20 Masterpieces of Luis Buñuel Every Film Fan Should See

14. Ensayo de un crimen (1955)

Ensayo de un crimen (1955)

Archibaldo de la Cruz (Ernesto Alonso) is an unstable man who, since the death of his nanny, has had an obsession with murder. His fantasies never materialize, even though his imagined victims end up dying at the hands of another.

Ensayo de un crimen (The Criminal Life of Archibaldo de la Cruz) is a manifestation of Buñuel’s absurdist humor and macabre characters. The central character (like most of Buñuel’s characters) is obsessed with a desire that is never fulfilled. The result of this squandered desire leads to the psychological effects of fetishization (feet, razors, etc) and obsession that, much like El, create an intriguing portrait of male neuroses.


13. L’Age d’or (1930)

L’Age d’or (1930)

L’Age d’or (The Golden Age) uses a loose narrative structure to tell the story of two lovers who attempt to consummate their relationship. It is a film that openly embraces Freudian psychology, while also playing with generic conventions/expectations.

The film generated much controversy due to its depictions of religious hypocrisy (Jesus participating in the orgy from The 120 Days of Sodom) and overt sexuality (a woman sucking on the toe of a statue), leading angry spectators to throw ink at the screen. L’Age d’or was even banned in some countries.


12. Tristana (1970)

Tristana (1970)

Don Lope (Fernando Rey) is the warden of the orphaned Tristana (Catherine Deneuve). He carefully watches over her upbringing, while also playing a part in her blossoming sexuality. As Tristana grows up and tries to distance herself from Don Lupe, she must return to his clutches when an illness results in the amputation of her leg.

The film bears Buñuel’s signature psychosexual traits (including a hobbling Tristana exposing herself to a gardener) as well as some provocative imagery (Don Lope’s severed head inside a bell). Tristana also marks Buñuel’s (much less controversial) second return to Spain, and the film represented the country for Best Foreign Language Film at the Academy Awards (ultimately losing).


11. Las Hurdes: Tierra sin pan (1933)

Las Hurdes Tierra sin pan (1933)

Las Hurdes: Tierra sin pan (Land without Bread) focuses on the Spanish people from the mountainous region of Las Hurdes. Some scholars consider Las Hurdes to be a documentary, but the film is more parodic than serious.

It plays with generic conventions, creating a portrait of a “backwards” civilization that is lost in time. At one point, Buñuel even transgresses the limits of a faithful documentarian by shooting a goat off a mountain, disguising the scene as “proof” that the mountainous terrain is dangerous.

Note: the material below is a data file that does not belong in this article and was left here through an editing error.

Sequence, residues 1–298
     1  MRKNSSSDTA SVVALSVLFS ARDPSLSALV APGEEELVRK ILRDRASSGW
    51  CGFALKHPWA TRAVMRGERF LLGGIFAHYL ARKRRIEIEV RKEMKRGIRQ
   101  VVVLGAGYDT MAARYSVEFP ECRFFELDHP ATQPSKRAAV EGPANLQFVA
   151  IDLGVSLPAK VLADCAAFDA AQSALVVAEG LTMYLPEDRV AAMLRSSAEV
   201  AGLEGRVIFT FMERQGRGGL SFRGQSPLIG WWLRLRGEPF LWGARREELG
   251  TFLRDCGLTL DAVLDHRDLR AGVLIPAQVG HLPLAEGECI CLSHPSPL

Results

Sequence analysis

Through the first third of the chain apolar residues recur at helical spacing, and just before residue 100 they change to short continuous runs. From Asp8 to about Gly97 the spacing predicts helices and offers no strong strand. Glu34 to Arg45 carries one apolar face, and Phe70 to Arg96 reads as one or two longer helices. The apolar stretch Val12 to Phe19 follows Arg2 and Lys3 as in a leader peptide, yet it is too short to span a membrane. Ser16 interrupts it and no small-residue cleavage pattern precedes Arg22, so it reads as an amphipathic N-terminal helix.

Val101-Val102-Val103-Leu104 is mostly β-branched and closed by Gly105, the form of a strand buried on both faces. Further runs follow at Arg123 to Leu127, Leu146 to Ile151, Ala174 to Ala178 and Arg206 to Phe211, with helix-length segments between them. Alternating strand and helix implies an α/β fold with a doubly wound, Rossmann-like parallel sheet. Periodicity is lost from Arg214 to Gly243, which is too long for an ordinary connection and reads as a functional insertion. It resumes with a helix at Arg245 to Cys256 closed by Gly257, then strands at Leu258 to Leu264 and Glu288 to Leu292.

10. Simón del desierto (1965)

Simón del desierto (1965)

Simon (Claudio Brook) proves his devotion to God by sitting atop a pillar for six years, six weeks, and six days. When he moves to a different pillar, the Devil (Silvia Pinal) pursues him and intends to coax the zealot away from eternal salvation.

The film was originally intended to be a part of an anthology (Federico Fellini and Jules Dassin were originally tapped to create vignettes, but plans fell through due to the producer’s demands). Simon del desierto (Simon of the Desert) is uncompromising in its critique of religious devotion, even going as far as showing masses of followers growing disinterested Simon’s miracles. Buñuel crafts some truly surreal images of the Devil, and ends the film with an anachronistic scene involving contemporary rock music.


9. Le fantôme de la liberté (1974)

Le fantôme de la liberté (1974)

Beginning with a female narrator recounting the French occupation in Spain, and ending with the POV of an ostrich, Le fantôme de la liberté (The Phantom of Liberty) creates provocative vignettes that are tangentially related through chance encounters of the characters.

This is one of Buñuel’s most explosive uses of esperpento, creating a surreal game of Freudian psychology, squandered desires, and absurd situations (including a dinner party in which the guests publicly defecate at the table and privately eat their food in the bathroom). Jean-Claude Carrière has also remarked that the film contains one of Buñuel’s favorite stories: a young girl is presumed lost, even though she is standing next to her mother.


8. Cet obscure objet du désir (1977)

Cet obscure objet du désir (1977)

Mathieu (Fernando Rey) travels on a train from Seville to Paris. He strikes up a conversation with some passengers and tells them about the object of his affection: Conchita (Carole Bouquet and Angela Molina). Mathieu recounts how his attempts at seducing Conchita were thwarted by empty promises, chastity belts, and terrorist organizations.

One of the most striking elements of the film is its use of two actresses (which some spectators don’t even notice until someone else points it out to them). Each woman embodies specific traits of Conchita (Bouquet represents Conchita’s French side, including her frigid demeanor and her relationship to terrorist groups, while Molina represents Conchita’s Spanish sensibility, including her fiery sexuality and her penchant for flamenco dancing). Buñuel ends his career with a bang (literally ending the film with an explosion).